A weekend of Landscape Photography in the Lake District – Castlerigg, Derwentwater, Keswick, Ullswater and Red Squirrels!

Sunset at Castlerigg Hall Campsite

As it has seemed to turn into a bit of a tradition over the past few years, in the middle of April I ventured off for my annual landscape photography trip to Keswick in the Lake District. As last year I was meeting up and camping with a few photographer friends for what would hopefully be a great weekend of landscape photography and socialising. Unfortunately, after a dry spell, the weather forecast wasn’t looking great for the weekend we had chosen. So would it be worthwhile, or just a washout?

As I left my home in Leicester and drove up to Castlerigg Hall campsite early Friday afternoon I passed through a myriad of varying weather conditions, from bright sunshine, to rain and even a small amount of hail, but as I arrived near Keswick the sun had come out, and left me and the other guys who were already setting up their tents with glorious sunshine.

I got to work erecting my tent, and once it was up I joined the other guys around the table for a well earned beer whilst we waited for the rest of the group to arrive. It was pretty obvious that there was no photography on the agenda for that evening!

Just as the sun was starting to set the skies lit up, and me, Mark and John quickly grabbed our cameras to see if we could make the most of the setting sun and grab something from the campsite.

Glorious sunset through the trees at Castlerigg

The photograph above and the one at the top of this post were the best that we could manage. In my hurry to get a photo I’d picked up my Canon 7D and 100-400mm lens, leaving my 5D Mark II and more ‘traditional’ landscape lenses in the car.

After the sun finally set, it was back to the barbeque whilst we waited for the last of the stragglers to arrive. Then, once they had and we’d enjoyed a few more beers and a bit of banter it was time for an early night, as sunrise was scheduled for just after 6am and so we had to be up at 5am to get ready and set off.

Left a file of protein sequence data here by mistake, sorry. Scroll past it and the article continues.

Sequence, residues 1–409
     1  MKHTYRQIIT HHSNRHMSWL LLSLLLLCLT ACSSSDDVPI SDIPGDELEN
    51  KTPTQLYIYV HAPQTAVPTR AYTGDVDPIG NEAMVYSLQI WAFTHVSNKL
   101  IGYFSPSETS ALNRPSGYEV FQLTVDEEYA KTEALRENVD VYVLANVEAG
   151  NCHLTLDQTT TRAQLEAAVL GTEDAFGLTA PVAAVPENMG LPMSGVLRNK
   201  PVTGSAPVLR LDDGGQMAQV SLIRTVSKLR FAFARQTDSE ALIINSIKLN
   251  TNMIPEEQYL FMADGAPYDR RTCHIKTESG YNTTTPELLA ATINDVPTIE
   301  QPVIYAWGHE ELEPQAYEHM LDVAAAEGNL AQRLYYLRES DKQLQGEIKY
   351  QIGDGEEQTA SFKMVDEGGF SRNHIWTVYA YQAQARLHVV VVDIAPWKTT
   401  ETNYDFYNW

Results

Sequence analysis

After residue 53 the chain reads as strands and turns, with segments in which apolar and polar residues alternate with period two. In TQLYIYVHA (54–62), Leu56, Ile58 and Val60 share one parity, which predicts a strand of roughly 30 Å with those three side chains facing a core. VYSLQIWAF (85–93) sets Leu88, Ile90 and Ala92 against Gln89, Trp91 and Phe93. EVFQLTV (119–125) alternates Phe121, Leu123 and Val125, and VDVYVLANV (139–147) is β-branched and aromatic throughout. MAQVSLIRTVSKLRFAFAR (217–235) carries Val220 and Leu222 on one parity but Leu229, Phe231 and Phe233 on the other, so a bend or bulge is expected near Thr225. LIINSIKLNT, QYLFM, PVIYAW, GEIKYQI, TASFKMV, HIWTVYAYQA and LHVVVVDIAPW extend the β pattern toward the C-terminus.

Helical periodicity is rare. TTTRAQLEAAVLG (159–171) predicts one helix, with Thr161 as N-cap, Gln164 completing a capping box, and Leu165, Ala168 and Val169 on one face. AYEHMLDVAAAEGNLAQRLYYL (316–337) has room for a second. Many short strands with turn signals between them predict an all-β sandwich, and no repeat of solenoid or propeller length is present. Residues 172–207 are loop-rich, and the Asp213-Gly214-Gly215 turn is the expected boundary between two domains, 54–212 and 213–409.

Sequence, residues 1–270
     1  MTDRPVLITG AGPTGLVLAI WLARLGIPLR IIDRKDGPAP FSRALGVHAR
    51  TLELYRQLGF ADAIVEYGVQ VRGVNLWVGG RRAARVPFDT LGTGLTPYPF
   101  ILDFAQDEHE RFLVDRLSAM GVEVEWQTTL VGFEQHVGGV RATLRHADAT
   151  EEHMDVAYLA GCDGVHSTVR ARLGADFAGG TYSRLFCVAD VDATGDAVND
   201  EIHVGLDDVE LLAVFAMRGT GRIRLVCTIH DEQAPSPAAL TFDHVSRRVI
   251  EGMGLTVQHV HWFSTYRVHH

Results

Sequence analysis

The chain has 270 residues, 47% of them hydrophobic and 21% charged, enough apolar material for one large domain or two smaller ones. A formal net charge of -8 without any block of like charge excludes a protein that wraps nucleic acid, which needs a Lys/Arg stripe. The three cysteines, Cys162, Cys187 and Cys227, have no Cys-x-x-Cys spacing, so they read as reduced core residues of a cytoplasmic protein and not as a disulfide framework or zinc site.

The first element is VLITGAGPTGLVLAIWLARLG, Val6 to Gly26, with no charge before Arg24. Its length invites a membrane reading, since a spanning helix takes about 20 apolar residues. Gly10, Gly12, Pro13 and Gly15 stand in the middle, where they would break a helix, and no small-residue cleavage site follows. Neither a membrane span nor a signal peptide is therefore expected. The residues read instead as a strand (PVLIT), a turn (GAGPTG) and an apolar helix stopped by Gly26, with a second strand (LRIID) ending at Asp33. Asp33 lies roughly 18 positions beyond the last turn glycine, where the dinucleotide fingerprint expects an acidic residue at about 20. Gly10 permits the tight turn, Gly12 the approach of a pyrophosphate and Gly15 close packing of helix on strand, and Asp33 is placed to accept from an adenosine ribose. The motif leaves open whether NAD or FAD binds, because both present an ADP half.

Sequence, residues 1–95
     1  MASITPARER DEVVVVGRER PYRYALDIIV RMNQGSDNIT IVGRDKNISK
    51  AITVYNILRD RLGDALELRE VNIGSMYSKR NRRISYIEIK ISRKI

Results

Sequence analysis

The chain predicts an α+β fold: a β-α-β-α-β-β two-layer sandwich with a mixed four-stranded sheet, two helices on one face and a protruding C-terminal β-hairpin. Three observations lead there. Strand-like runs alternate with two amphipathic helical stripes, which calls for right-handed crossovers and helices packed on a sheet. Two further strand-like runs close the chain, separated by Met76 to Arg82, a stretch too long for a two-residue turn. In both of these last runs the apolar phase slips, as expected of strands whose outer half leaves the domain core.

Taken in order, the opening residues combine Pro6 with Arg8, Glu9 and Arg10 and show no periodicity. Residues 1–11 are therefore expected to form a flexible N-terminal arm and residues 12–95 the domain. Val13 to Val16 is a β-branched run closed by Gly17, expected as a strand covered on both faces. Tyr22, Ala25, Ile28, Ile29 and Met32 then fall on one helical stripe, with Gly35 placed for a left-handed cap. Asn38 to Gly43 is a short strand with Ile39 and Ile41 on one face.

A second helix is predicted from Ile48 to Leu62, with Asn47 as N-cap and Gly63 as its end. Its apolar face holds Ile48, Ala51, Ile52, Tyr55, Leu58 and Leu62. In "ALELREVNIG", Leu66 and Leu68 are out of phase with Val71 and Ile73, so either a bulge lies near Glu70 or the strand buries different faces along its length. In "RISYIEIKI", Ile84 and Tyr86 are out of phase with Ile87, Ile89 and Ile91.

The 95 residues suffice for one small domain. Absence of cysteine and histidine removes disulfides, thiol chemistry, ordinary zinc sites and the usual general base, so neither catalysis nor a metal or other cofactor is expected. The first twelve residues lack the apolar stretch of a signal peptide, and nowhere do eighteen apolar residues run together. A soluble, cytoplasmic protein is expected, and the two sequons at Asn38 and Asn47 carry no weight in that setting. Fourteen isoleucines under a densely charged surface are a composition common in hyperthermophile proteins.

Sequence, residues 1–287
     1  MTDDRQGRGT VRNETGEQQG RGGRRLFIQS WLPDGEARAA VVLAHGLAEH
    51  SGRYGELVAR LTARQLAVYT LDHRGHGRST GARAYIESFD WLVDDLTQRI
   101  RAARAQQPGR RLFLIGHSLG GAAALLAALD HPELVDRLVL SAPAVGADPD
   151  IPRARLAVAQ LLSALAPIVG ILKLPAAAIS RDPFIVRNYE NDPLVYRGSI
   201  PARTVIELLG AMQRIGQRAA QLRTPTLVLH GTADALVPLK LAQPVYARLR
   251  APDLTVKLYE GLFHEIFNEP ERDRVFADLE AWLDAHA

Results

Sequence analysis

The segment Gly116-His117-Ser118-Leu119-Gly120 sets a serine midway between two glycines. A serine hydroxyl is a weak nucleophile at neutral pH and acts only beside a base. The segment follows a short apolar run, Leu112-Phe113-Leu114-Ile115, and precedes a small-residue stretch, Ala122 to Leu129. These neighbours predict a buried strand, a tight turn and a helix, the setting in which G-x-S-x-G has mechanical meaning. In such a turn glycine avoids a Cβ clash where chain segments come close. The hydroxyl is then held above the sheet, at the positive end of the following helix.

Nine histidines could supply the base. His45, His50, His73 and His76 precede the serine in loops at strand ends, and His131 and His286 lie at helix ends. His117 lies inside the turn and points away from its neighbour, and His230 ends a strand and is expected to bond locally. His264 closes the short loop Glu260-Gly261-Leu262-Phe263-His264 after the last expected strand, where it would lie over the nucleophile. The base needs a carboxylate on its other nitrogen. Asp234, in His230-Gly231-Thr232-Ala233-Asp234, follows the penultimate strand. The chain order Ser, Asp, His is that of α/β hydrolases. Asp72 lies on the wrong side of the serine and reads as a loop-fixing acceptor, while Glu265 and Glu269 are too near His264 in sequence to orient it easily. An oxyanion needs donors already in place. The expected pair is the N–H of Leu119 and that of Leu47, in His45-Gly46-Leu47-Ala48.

5am came soon enough, and after a quick wash, getting dressed and meeting up with a few weary looking faces we got into the cars and headed down to the banks of Derwentwater. We’d visited this location last year, but were met with dark, colourless skies. This year we were hoping for a nice sunrise…

After taking a walk around the area, I eventually settled at the same spot I had last year – there’s just something about the viewpoint there that works for me. Getting out my trusty landscape kit of 5D Mark II, 17-40 lens and Redsnapper Carbon Fibre Tripod I composed my image, before getting my Lee 0.9 hard ND grad and 0.9 ND filters and fitting them to the front of my lens. The grad was to hold detail in the skies, and the solid was just to lengthen the exposure slightly, but not so much as to completely flatten the water.

Good Morning, Keswick

The results were pleasing – the sunrise was illuminating the bottom of a thick dark bit of cloud that was just approaching Keswick, which was currently basking under blue skies – the variance in the weather was all too plain to see from this photo.

After this, I ventured a little to my right, where we had carefully dragged a massive branch to use as ‘foreground interest’. The setup was the same again – 5D Mark II, 17-40 lens, Redsnapper tripod and Lee Filters.

Also Branching Out

After taking this photo, one of the other guys came running over to tell me he’d spotted a Woodpecker in one of the nearby trees. Grabbing my 7D and 100-400 lens I went off in search of it, but it had gone. Denied.

As we’d all pretty much finished by this point we headed off back to the cars. The plan was to head over to the Keswick side of Derwentwater and get some quick cliched photographs of the rowing boats before heading back to the campsite for breakfast, but just as I’d finished putting my camera bag in the car I spotted something out of the corner of my eye, something that delayed us a little bit… I quickly got my camera bag open and fitted my 100-400 to my 7D and quickly ran over to where I’d just seen the rare red squirrel. It was on the move however, so a chase ensued, until eventually I caught up with it taking a break on a tree. It posed for me for a good few minutes, so I took the opportunity to get a few photographs of this rare encounter…